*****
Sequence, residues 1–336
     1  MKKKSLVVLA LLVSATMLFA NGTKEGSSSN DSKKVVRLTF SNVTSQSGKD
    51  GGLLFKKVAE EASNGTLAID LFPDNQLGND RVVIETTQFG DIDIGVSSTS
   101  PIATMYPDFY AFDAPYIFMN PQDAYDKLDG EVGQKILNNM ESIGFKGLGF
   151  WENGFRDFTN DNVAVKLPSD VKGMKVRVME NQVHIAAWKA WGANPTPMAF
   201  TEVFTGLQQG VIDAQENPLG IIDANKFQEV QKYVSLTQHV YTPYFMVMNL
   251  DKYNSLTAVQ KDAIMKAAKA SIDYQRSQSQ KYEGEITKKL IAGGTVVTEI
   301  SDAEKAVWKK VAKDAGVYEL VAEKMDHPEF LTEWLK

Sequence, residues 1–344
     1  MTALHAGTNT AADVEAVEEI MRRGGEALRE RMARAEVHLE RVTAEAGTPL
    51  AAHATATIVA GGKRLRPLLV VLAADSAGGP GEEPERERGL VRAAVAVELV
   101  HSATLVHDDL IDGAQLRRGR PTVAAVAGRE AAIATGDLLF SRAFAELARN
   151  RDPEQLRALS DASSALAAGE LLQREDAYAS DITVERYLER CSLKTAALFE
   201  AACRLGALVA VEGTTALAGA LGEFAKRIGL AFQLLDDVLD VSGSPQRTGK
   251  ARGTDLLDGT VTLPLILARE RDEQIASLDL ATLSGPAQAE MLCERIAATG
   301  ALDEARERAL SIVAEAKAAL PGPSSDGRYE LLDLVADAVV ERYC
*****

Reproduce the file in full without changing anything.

Sequence, residues 1–336
     1  MKKKSLVVLA LLVSATMLFA NGTKEGSSSN DSKKVVRLTF SNVTSQSGKD
    51  GGLLFKKVAE EASNGTLAID LFPDNQLGND RVVIETTQFG DIDIGVSSTS
   101  PIATMYPDFY AFDAPYIFMN PQDAYDKLDG EVGQKILNNM ESIGFKGLGF
   151  WENGFRDFTN DNVAVKLPSD VKGMKVRVME NQVHIAAWKA WGANPTPMAF
   201  TEVFTGLQQG VIDAQENPLG IIDANKFQEV QKYVSLTQHV YTPYFMVMNL
   251  DKYNSLTAVQ KDAIMKAAKA SIDYQRSQSQ KYEGEITKKL IAGGTVVTEI
   301  SDAEKAVWKK VAKDAGVYEL VAEKMDHPEF LTEWLK

Sequence, residues 1–344
     1  MTALHAGTNT AADVEAVEEI MRRGGEALRE RMARAEVHLE RVTAEAGTPL
    51  AAHATATIVA GGKRLRPLLV VLAADSAGGP GEEPERERGL VRAAVAVELV
   101  HSATLVHDDL IDGAQLRRGR PTVAAVAGRE AAIATGDLLF SRAFAELARN
   151  RDPEQLRALS DASSALAAGE LLQREDAYAS DITVERYLER CSLKTAALFE
   201  AACRLGALVA VEGTTALAGA LGEFAKRIGL AFQLLDDVLD VSGSPQRTGK
   251  ARGTDLLDGT VTLPLILARE RDEQIASLDL ATLSGPAQAE MLCERIAATG
   301  ALDEARERAL SIVAEAKAAL PGPSSDGRYE LLDLVADAVV ERYC